Making Matches: Evaluating Cat Behavior In-Shelter Can Lead to Better Adoptions
There are too many cats and dogs without homes in North America. According to some estimates, at least 2.5 million cats enter shelters nationwide each year, and “in some communities, only 20% of cats leave the sheltering system alive.” Many cats are euthanized that do not have behavioral problems – they are friendly and socialized adult cats that have perhaps never made it to the adoption floor, or were just never chosen for adoption in time. Even when cats do make it out of shelters, they are sometimes returned by their new owners. In past research, interviews conducted with people who returned their companion cats to shelters found that one of the main reasons for returning them was “the difficulty in the owner’s ability to predict how the animal would behave in the home.” In other words, helping adopters understand the behavior and personality of their cat before they take their new companion home is a major issue.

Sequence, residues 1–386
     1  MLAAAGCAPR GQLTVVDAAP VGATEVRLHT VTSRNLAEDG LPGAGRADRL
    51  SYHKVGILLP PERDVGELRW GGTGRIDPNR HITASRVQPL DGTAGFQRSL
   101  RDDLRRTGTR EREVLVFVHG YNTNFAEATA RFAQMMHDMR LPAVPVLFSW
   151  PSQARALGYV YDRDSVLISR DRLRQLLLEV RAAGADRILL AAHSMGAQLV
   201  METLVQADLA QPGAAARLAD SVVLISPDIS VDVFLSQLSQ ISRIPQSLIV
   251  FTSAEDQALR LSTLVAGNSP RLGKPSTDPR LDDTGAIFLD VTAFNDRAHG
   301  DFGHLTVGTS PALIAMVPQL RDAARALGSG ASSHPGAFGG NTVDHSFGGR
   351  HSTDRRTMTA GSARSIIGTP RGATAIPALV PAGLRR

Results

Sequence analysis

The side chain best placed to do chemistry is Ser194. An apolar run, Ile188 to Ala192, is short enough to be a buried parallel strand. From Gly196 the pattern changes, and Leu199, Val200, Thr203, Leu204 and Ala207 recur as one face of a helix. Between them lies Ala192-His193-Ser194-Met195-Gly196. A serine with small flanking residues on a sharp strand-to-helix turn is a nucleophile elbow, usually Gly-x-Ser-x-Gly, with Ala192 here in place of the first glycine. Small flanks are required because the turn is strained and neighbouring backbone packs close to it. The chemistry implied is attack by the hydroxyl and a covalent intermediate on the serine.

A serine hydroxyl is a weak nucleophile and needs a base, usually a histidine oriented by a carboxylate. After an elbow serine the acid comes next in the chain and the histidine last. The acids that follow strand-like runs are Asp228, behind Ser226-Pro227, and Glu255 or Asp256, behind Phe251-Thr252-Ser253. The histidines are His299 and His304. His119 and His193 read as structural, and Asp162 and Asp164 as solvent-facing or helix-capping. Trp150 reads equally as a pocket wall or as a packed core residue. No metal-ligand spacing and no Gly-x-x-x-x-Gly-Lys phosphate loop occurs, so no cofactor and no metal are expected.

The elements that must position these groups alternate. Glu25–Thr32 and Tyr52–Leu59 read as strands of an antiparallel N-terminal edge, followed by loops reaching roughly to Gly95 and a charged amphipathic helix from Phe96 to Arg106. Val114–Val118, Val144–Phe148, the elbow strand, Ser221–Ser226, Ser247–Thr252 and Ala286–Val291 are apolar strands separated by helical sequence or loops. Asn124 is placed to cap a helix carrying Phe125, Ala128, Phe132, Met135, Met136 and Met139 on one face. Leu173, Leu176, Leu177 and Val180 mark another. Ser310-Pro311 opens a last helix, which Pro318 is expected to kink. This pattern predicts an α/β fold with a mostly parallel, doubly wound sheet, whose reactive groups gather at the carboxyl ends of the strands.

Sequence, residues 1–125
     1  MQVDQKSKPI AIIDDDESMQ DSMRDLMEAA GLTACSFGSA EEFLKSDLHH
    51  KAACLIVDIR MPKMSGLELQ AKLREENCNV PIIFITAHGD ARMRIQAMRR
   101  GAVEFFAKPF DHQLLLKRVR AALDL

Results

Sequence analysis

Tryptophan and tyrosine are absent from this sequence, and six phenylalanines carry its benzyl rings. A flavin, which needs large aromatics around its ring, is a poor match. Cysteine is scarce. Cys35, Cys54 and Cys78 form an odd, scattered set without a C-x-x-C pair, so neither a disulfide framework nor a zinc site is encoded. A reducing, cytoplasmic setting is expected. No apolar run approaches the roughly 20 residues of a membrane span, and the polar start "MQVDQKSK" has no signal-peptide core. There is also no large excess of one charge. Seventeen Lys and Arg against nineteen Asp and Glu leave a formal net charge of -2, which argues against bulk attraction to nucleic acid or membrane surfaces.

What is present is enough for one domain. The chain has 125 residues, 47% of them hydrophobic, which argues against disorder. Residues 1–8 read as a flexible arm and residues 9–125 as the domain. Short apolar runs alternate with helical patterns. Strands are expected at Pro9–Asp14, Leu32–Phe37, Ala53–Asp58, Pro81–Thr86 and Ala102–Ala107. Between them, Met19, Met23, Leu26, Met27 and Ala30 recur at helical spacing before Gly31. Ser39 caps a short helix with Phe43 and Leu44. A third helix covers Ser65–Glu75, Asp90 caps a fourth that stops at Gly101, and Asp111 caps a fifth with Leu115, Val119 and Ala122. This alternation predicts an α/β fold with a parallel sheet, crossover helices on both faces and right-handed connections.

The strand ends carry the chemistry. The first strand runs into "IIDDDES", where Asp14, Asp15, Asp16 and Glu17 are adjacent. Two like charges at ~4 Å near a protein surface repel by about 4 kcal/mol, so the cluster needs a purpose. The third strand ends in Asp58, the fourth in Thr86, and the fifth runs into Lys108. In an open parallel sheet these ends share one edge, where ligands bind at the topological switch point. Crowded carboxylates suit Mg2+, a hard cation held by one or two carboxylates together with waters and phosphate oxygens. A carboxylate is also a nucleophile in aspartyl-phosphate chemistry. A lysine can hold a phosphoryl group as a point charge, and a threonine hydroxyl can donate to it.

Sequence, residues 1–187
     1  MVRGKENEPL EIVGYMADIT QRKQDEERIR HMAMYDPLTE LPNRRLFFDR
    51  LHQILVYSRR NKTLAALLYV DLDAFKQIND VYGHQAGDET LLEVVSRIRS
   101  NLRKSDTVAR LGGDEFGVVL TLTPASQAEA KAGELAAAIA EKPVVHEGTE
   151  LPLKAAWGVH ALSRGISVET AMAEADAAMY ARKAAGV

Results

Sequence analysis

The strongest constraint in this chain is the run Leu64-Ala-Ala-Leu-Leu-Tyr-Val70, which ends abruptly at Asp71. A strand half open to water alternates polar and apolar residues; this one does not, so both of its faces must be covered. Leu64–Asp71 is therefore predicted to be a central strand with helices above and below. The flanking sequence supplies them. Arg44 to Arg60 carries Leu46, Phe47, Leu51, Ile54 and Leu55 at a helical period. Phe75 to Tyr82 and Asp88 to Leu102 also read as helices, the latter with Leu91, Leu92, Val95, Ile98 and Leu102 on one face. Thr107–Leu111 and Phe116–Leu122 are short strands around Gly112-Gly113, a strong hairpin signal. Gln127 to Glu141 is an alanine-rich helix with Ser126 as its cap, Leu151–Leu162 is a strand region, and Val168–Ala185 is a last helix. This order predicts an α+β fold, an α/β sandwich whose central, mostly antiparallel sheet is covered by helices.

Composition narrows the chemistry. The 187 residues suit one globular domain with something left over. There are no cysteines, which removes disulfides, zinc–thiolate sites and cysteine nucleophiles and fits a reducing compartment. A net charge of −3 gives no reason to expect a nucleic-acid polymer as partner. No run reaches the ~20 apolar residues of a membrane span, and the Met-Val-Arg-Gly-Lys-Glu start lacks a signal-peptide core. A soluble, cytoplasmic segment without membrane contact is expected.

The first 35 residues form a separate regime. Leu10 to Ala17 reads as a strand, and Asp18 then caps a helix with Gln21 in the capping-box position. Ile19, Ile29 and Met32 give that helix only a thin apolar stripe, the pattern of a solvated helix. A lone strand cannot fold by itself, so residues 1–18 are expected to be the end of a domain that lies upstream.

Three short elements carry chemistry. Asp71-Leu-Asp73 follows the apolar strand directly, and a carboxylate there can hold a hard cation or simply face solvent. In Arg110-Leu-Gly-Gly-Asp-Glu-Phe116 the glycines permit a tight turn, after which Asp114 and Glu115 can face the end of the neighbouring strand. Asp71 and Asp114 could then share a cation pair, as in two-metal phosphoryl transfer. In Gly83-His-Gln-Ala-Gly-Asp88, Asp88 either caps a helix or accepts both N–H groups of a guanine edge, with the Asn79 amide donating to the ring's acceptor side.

One program aimed at addressing that very problem is the ASPCA’s “Meet Your Match Feline-Ality Adoption Program.” This study sought to understand how well the program worked, and see if the data cards and three-day hold times associated with it made a difference to its success. Researchers found that both the original and the modified version were “significant predictors of feline behavior in the home post-adoption relative to the Valiance scale.” In an extensive analysis of one shelter that used the program, researchers also found that return rates for both original and modified programs were low, and that “shelters looking for a behavior assessment tool to fast-track cats to the adoption floor can use the modified version […] as early as 18hrs after intake.” This is a fast turnaround time, and the success rate is encouraging. Based on these results, companion animal advocates may want to look into the program and see if it could be useful in their locality.
You can read more about the ASPCA Feline-Ality Program here.